Why artificial vision? If the most versatile morphology for a robot is the anthropomorphic, due to it is for the man for whom the whole of what is around us has been designed and constructed, the most powerful general-purpose sensor is the eyesight. And, as with humanoid robots, artificial vision is a technique that involves a great deal of complexity.
What is artificial vision? Artificial vision is a process in which starting from a an n input, which can be a number, a mark or a symbol, a performance or execution is given, previously programmed by computer as output. INPUT: DATA
OUTPUT: ACTION Computer processing
Therefore, there is a multidimensional data (an image is, for example, a set of numerical data), that based on disciplines such as geometry or physics, give gives the option of processing input information through vision sensors as would make the human eye.
What is a sensor? A sensor is an object capable of detecting physical or chemical magnitudes such as light intensity, temperature, distance, acceleration, inclination, pressure, force or humidity and transform them into electrical variables such as electric current or voltage. The sensor can be connected to a computer for access to a database.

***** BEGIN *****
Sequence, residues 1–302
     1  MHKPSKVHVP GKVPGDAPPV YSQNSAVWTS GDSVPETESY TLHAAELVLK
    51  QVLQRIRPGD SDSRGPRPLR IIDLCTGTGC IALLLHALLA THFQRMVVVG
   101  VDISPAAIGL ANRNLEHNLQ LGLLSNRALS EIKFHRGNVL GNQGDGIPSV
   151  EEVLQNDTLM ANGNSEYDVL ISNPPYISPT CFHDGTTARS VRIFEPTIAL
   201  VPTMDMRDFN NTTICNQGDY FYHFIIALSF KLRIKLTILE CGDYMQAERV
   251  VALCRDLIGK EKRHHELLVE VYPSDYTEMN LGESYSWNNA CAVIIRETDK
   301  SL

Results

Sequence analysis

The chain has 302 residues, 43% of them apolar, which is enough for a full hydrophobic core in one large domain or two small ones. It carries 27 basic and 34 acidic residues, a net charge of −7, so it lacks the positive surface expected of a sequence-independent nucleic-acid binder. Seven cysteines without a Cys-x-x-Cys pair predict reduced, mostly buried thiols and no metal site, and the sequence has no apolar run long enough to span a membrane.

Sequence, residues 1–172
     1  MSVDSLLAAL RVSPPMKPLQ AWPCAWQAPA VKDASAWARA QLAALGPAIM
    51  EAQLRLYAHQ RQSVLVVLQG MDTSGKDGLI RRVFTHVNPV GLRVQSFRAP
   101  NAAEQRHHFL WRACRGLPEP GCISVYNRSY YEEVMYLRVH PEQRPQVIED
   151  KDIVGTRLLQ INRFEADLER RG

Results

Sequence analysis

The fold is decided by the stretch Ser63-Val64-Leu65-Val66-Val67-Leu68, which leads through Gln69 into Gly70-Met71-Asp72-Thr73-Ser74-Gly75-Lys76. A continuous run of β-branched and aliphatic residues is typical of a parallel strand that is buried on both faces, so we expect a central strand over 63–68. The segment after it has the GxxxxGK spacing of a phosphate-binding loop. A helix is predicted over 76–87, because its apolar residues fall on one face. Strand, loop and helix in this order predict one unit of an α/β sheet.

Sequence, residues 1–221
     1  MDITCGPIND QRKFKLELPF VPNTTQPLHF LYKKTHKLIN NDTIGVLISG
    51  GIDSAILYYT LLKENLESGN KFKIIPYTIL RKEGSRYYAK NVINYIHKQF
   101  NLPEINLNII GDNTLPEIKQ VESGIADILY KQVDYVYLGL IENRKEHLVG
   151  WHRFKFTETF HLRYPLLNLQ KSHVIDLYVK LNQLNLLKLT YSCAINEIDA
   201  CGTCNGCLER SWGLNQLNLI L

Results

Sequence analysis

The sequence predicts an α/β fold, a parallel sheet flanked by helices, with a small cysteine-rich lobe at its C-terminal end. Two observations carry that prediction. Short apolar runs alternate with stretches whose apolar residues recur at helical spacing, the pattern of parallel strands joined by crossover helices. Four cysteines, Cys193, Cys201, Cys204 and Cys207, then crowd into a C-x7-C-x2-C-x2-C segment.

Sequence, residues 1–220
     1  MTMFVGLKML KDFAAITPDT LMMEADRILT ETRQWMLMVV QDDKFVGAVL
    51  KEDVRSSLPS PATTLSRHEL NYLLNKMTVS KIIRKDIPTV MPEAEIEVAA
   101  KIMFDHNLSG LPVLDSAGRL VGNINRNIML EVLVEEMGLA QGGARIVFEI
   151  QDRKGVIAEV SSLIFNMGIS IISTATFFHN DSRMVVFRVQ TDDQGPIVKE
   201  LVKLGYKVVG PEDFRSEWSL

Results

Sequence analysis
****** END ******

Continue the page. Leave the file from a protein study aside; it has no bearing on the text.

Despite being developed since before the 80's, today's vision sensors continue to present great challenges. To understand the functioning of a vision sensor, a simple ex example ample is the proximity sensor. A proximity sensor can offer two or three types of information: near, far away, and even in some sensors, somewhere in between. This information is processed directly. The result is all or nothing or in some sensors, a percen percentage tage is offered. For example:
It can be determined whether a liquid is below a set level, which would automatically mean that the tank is emptying, acting quickly accordingly. Imagine a matrix of 40 x 40 sensors, as a surface on which an open hand is located, the output of this set of sensors would be something like this image: